Unless this is a class exercise, the answer is: it does not matter for your purpose, as long as you are consistent. The actual value of the NPVs will differ, of course. But the relative order (which one is less) is the same, in either case. So I would use 20%/12, because it is easier to calculate.

(My answer might be different if you were considering options with different payment frequencies -- monthly v. annual, for example. I'd have to give that more thought.)

In fact, there is no agreement in finance texts about whether to use simple or compounded rates. So if this is for a class exercise, you should consult your finance text or instructor.

Some related observations....

It would be tedious to use the Excel NPV function for this purpose. Since the payment is "fixed" (the same for each period), I would use the Excel PV function.

If you use the Excel NPV function and this is for a class exercise, so the actual NPV value is important, pay special attention to how Excel NPV discounts the initial cash flow (100). It is different from the Excel PV function and most finance texts.

In the real world (again, in contrast with a class excercises), the "best" offer is not necessarily determined by the smallest NPV. Monthly cash flow might be the controlling issue. In that case, you might choose the smalller payment, even if the NPV and total interest is more.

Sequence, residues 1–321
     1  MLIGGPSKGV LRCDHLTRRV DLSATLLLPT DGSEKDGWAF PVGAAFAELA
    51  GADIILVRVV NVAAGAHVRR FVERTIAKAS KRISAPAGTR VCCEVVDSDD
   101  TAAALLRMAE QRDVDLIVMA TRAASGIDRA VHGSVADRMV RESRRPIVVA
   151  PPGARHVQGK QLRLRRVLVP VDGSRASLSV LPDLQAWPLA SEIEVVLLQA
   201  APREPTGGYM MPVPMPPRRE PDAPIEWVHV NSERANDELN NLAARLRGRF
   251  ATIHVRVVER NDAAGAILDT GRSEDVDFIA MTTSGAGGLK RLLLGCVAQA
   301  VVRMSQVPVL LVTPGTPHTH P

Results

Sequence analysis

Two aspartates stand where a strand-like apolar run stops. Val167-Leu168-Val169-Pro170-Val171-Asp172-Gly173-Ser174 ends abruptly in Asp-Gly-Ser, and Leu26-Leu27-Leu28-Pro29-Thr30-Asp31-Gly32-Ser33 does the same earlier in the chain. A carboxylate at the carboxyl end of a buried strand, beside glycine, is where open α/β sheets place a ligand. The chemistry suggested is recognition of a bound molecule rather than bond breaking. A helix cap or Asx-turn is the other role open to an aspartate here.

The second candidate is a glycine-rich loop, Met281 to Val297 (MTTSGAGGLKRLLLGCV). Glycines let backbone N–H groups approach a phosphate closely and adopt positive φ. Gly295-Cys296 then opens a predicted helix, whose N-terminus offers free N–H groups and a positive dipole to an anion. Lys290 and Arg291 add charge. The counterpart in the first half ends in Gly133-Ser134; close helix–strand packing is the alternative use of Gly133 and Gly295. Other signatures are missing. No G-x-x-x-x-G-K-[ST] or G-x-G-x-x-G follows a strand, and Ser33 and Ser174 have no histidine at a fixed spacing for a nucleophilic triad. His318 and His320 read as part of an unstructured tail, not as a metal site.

Finally, it is unclear to me why you are setting the discount rate. I would be more interested in the (monthly) interest rate. To that end, I would use the Excel RATE function to determine the discount that causes the NPV to be zero (i.e. the IRR).

Again, whether you annualize the monthly rate by multiplying by 12 or by compounding over 12 periods is matter of "taste" or regional/industry conventions.

Thank you for your valuable input.

I would like to clarify something, this is not a class exercise and I would like to be as precise as possible to support the decision maker.

Monthly cash flow is a minor concern in this case and major concern is net present value of each offer.

As for the yearly discount rate, honestly there is a company wide discount rate and I am not in a position to challenge that. However your comment on consistency and relative order makes sense to me.

So it looks like using simple monthly discount rate calculation and picking the lowest NPV works in this case,right?

Out of curiosity, I would like to ask your opinion on discount rate calculation if there are different payment frequencies?

#### joeu2004

##### Well-known Member
As for the yearly discount rate, honestly there is a company wide discount rate
So, someone in the company finance dept should be able to tell you how they want you to determine sub-annual rates.

So it looks like using simple monthly discount rate calculation and picking the lowest NPV works in this case,right?
If the company specifies an annual discount rate of 20%, I suspect that they might be interested in the actual NPV value, at least sometimes, not just the relative order of NPVs for two or more alternatives.